Saturday, January 3, 2015

Love and Attachment #4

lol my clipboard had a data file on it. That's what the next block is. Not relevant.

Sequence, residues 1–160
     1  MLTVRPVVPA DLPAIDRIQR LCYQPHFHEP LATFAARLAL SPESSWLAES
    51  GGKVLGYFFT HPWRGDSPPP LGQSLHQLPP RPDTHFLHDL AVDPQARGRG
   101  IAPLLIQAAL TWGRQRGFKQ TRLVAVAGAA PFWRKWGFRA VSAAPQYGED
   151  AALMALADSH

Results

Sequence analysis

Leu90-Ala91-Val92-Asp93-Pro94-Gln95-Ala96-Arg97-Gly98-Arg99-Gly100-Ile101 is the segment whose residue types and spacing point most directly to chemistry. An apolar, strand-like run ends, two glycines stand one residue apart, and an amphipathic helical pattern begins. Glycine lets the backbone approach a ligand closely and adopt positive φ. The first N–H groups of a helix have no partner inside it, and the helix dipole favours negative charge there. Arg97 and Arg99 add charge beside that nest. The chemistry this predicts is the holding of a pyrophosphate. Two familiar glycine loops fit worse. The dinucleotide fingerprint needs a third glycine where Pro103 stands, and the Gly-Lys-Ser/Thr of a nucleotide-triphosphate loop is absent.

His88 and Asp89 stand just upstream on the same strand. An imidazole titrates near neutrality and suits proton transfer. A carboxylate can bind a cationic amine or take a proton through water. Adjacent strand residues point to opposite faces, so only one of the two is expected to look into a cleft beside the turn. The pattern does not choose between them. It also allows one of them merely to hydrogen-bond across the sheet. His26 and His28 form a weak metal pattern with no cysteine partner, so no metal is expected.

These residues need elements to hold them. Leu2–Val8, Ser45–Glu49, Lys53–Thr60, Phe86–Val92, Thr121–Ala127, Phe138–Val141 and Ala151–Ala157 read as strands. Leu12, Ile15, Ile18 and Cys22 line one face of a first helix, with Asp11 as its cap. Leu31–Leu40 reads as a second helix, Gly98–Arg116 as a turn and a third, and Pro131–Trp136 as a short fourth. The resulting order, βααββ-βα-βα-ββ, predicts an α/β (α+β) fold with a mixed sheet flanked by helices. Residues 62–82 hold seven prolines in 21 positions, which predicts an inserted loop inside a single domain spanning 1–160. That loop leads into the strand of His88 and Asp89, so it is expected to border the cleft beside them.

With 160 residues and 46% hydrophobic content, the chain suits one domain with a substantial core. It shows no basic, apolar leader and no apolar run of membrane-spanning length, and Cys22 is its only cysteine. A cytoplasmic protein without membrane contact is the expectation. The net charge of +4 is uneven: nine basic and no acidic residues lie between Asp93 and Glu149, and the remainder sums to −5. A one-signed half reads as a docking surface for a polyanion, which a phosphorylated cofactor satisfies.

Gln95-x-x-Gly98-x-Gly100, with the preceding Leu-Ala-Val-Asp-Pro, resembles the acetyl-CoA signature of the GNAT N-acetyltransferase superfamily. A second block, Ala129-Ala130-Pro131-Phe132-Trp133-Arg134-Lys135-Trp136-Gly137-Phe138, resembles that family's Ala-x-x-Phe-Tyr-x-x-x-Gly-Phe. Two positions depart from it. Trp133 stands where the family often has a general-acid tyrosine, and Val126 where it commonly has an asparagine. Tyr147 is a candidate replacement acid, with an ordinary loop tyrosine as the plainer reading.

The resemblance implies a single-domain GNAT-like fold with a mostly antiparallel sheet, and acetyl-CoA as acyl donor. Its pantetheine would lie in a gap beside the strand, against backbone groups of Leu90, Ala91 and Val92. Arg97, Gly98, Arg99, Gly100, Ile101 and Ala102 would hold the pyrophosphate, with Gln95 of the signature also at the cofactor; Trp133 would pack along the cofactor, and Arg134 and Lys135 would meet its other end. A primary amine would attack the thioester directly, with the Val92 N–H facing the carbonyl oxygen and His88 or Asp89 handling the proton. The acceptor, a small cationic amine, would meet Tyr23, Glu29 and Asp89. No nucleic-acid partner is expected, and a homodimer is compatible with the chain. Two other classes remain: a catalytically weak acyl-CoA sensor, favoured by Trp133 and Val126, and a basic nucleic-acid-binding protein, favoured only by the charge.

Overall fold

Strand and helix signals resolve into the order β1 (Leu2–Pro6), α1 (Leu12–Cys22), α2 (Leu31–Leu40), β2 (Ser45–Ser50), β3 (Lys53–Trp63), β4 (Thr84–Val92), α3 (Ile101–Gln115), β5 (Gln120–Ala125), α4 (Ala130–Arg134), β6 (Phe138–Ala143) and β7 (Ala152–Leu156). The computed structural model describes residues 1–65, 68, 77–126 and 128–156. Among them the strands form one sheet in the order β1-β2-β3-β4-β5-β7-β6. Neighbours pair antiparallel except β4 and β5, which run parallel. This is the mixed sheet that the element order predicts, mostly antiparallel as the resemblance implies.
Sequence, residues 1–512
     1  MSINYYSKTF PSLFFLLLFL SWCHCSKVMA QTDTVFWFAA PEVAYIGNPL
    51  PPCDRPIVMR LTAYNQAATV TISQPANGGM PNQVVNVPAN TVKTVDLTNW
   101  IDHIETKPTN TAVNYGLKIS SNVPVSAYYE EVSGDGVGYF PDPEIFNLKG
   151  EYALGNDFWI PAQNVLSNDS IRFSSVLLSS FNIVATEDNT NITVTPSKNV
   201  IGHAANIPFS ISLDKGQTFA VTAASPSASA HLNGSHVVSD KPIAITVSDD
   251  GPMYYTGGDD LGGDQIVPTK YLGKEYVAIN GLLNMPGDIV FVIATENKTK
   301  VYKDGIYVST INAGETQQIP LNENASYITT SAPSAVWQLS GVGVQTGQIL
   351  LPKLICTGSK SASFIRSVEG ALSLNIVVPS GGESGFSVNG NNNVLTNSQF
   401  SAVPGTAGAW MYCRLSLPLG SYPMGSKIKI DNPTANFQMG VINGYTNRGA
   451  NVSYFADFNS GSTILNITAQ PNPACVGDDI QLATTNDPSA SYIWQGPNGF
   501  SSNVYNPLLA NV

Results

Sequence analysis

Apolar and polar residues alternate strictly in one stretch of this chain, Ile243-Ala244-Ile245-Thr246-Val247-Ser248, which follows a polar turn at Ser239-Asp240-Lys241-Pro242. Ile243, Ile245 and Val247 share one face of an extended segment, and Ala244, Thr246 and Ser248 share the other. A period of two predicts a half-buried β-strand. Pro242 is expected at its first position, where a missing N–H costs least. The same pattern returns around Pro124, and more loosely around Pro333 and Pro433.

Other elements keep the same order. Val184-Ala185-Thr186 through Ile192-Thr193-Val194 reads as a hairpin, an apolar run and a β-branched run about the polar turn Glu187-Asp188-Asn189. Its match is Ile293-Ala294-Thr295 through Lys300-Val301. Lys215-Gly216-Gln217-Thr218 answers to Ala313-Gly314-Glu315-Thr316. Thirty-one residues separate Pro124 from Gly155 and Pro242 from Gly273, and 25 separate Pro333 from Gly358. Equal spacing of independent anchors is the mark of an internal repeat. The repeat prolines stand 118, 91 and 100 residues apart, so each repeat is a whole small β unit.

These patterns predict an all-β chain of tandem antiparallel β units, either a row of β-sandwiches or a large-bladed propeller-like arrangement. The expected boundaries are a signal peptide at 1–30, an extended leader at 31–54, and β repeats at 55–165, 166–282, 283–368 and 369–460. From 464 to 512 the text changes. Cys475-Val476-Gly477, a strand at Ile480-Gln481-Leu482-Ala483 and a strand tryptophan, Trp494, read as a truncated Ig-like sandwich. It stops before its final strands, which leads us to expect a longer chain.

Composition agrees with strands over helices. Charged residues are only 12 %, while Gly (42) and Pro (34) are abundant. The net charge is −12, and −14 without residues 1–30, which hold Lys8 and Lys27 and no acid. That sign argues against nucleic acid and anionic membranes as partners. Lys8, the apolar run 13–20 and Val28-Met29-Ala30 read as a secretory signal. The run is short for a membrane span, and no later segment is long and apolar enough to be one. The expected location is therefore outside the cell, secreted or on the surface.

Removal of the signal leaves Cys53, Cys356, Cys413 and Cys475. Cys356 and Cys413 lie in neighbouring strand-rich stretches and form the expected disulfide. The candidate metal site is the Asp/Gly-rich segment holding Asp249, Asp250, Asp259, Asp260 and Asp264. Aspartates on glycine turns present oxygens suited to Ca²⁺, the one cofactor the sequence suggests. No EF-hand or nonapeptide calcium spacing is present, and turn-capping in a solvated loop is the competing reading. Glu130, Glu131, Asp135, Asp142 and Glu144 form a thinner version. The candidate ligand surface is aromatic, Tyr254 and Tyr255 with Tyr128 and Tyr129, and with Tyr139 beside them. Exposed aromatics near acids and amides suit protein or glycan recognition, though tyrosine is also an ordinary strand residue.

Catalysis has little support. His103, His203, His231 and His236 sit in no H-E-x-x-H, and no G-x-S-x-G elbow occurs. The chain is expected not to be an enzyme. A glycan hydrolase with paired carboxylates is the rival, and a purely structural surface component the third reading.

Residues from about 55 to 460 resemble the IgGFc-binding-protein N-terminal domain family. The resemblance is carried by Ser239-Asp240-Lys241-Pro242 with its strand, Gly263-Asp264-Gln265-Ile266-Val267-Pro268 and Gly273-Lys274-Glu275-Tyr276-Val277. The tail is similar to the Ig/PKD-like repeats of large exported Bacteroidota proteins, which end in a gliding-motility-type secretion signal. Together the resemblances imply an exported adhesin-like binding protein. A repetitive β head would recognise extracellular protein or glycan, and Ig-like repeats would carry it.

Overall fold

What is love without compassion for all things?  Love in our traditional sense becomes fragmented, partial, selfish, securing, isolating and conflicting inwardly.  Is this what we want love to be--being separate from something?  Meaning, "I'm in love with this person and only I can have them."  Isn't "love" supposed to socially bring us together?  The "idea" of something surely is like that, isn't it?  Desiring something from the idea?  And when we're in love, do we stay together in harmony, balance, without fear, conflict?  Don't say, "that's relationship", "it's normal", "it happens to all couples sometimes".  True enough in this conditioned state, but we're discussing "love" and what it is and does.  Why do we embrace this form of love and its content?  The content of conflict, jealousy, death and fear.  Why is that love?  To be fearful of someone leaving or getting too close, causing some form of discomfort inwardly and socially.  The question should lead to an awareness.  So, what then happens when we "fall in love"?  Lets see.  Initially, we're told through social contact that there is this thing called "love" out there in the world and you have to find it within someone, someone "special", of course.  I'm not trying to be cynical.  We're told "you'll know you're in love when you've found the right person, trust them etc."  Really?  Is that what's really taking place?  Is "love" happening or is that attachment?  Now we're getting somewhere.  Is love embodied with hate which is confusion, misunderstanding and, thus, conflict--ever fighting for love?  One of the early actions in our lives is finding a friend, and what takes place in that action--that is, when we're old enough to consider love in our lives.  Basically, when we form friendships, there is initially common ground, isn't there?  We like what we see, hear, touch, anything sounding ideally similar, religiously, politically, or culturally stimulating and ultimately accepting.  When we accept these things, we accept the person and we build the relationship on this "common ground", don't we?  It builds and builds and we become more and more dependent on the sex, company, plans, desires, fear, conflict, dreams and all that which we at some point equate to being "in love", but don't see as attachment.  Why?  Because that person is comforting you psychologically and physically, keeping you from feeling alone, keeping the anxiety at bay, keeping your dreams and aspirations for the future alive and, thus, keeping you both from seeing the attachment.  Now, as time passes we slowly become attached to all these actions, and mostly dependent on the security the relationship is providing, right?  When we're alone, the other person is "a call away" or in the next room or coming home soon--we don't see it as a dependency, however, we say "it's a relationship" and "this is just how it is, normal."  Do you see how we just accept it as "normal"?  Remember, we're just looking at what is taking place, not implying it's good, bad, right or wrong.  See this--what happens when the relationship is severed?  What happens?  All the very things the relationship was built upon; the "good times", plans, aspirations, beliefs, sex etc., all come to the surface, showing you what the relationship was dependent on--you feel it pull at you as the distance between you both widens.  We think, "what am I going to do without him or her? "  This question will come to mind, it must because humanity always questions its survival in the face of vulnerability and insecurity.  Right?  We were once secure in a relationship and now we're not.  Most of us have heard or either said this.  How is it that the "coming together" or development of a relationship, all the dreams, fun, feelings, sharing and the rest of it, reverse themselves as the relationship ends?  Is this what love is?  Going from "loving" to despising someone?  Why isn't it everlasting when the relationship ends?  Then one must question if "love" really existed in the first place.  Did love or did the attachment end?  Because pain only comes from being attached to something.  This is not to say "love" is not without forms of pleasure and happiness, but the content of conflict and sorrow are ever present.  What then is true compassion?  So often we hear that he, she or they are compassionate about this or that, and have been doing it all their lives, or a long time etc.  Is that compassion or just drawing pleasure while engaged in an activity, something stimulating the mind or body?  "Liking" something and compassion are not the same thing.  Because compassion is not of the past or future, it isn't something handed down by history, culture, religion and tradition, for then, it would contain conflict, progression, control and so on.  Is compassion control or progressive?  It doesn't start here and end there.  No, compassion is an action with no past nor future action, therefore, it doesn't contain the effects of conflict, pain and sorrow.  How do you recognize it, though?  Do you think you're a compassionate person?  We like to think we are...when the time comes.  Note, true compassion isn't waiting for circumstance to reveal itself, this is merely being advantageous, right?  If we're waiting for a moment, waiting for a time, event or whatever, and suddenly think it's "time to be compassionate and show how much I am about something" then that is the sound of the ego, justifying itself as a securing social action.  The ego is creating that action behind our image--the one we face society with, meaning, friends, family, colleagues, strangers etc.  The image of ourselves is egoistical to say the least, always wanting, desiring, fearful, seeking attention and being advantageous.  Do we see this?  Compassion seeks no advantage as "love" does, it isn't attaching itself to anything because there is no past to confuse, conflict or contradict with the present and future.  Do you have compassion for other human beings like you do for your hobbies, food, events, foundations, own family and friends?  Look and see.  It is very likely we've been given a false sense of compassion, associating it with the superficial pleasures in a given society, and, therefore, never questioning what it factually is.  A society which never questions its action never sees the truth of itself, and merely accepts and "hopes" for the best.  Again, what then is compassion?  Is it just "liking" something or someone so much that you devote many hours of yourself to it or them?  No.  See it this way--when you look into a babies eyes and they smile at you, even without the smile, there is unlimited compassion coming at you.  Behind those eye is an energy that is alive, vital, fresh and active, at attention.  Do you see that a "still" mind is most active?  Not a mind that is full of the clutter of "knowledge" (more on that in article#13).  Compassion asks nothing of you, there is no ego, no past conflict, contradictions or future aspirations.  Do you see this?  That is the ultimate compassion, when it asks nothing of you as love does, and will do anything for the world and requires nothing in return as love does.  In understanding the construction and action of "love" in our minds and society, we also observe the conflict and trappings of it as well.  In seeing this clearly and factually as a human being in a structured society, one uncovers the conflicts of love and and observes the difference between that and attachment.  Only then will we abandon the isolation of "love" and express the compassion we have for all things.  Seek and spread this form of love.